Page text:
Ex-Florida law enforcement official says he was forced to resign for defying illegal DeSantis orders

TALLAHASSEE, Fla. (AP) — Republican Gov. Ron DeSantis ordered illegal surveillance of immigrants and ignored concerns that relocating them from Texas to another state could could be considered kidnapping or false imprisonment, the former chief of staff at the state's top law enforcement agency said in a whistleblower lawsuit.

DeSantis also ordered the arrests of neo-Nazi demonstrators who weren't breaking the law, former Florida Department of Law Enforcement Chief of Staff Shane Desguin said in a lawsuit filed this week in Leon County Circuit Court.

Desguin said the administration retaliated against him with an internal investigation that claimed he had a sexual relationship with a subordinate and recklessly pointed his unloaded gun at a coworker in an impromptu lesson on how to defend against an armed attacker.

The investigation happened as a result of Desguin reporting violations of rules, regulations or laws and malfeasance, and his forced resignation was retaliation for failing to comply with those orders, the lawsuit said.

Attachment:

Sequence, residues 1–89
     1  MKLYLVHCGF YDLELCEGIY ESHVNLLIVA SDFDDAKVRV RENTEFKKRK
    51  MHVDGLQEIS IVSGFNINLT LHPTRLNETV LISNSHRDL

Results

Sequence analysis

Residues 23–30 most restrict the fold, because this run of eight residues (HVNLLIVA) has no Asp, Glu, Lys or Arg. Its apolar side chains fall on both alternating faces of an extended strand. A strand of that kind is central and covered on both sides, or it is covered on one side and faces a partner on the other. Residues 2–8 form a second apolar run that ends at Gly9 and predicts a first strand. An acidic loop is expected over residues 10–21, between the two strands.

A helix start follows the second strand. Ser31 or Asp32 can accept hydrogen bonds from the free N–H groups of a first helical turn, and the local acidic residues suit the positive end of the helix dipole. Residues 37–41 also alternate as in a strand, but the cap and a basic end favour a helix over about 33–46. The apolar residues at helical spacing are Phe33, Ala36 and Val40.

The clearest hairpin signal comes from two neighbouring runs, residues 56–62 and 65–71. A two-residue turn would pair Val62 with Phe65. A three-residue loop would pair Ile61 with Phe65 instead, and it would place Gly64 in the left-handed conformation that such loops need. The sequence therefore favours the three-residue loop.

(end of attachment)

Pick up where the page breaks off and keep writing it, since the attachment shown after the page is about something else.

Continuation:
DeSantis' office pointed at the internal investigation mentioned in the lawsuit when asked about the lawsuit. Spokesman Jeremy Redfern sent The Associated Press a post he made on X after news reports about the lawsuit.

“This guy was under a formal investigation, which revealed that he pointed his firearm at somebody in his office,” Redfern said on X. “If I did that while in the military, I would’ve been court-martialed..”

DeSantis ordered the state to fly nearly 50 migrants from Texas to to Martha's Vineyard, Massachusetts, two years ago. The flight made a brief stop in Florida. The action spurred a lawsuit and a criminal investigation amid claims the migrants were misled and not told where they were going.

Desguin claimed in his lawsuit that the DeSantis administration floated the idea of busing immigrants from Texas to Florida before flying them to Massachusetts, and he raised concerns the operation would be illegal.

But DeSantis' chief of staff, James Uthmeier, said “it was imperative to complete at least ‘one flight’ of the migrants from Florida to another state,” the lawsuit said, adding that Uthmeier said he could be fired if the order wasn't carried out.

Last year, Uthmeier's temporary replacement, Alex Kelly, called Desguin and said DeSantis wanted neo-Nazi protesters in Orlando arrested. Desguin replied he couldn't arrest anyone for exercising their First Amendment rights, the lawsuit said.

“I don't think you understand,” Kelly told Desguin, according to the lawsuit. “If you look hard enough, you can find a way. The governor wants someone arrested today.”

DeSantis continued pressuring for an arrest despite being told arrests would be unconstitutional. After several days, the department began making arrests for illegally attaching a banner to a highway overpass.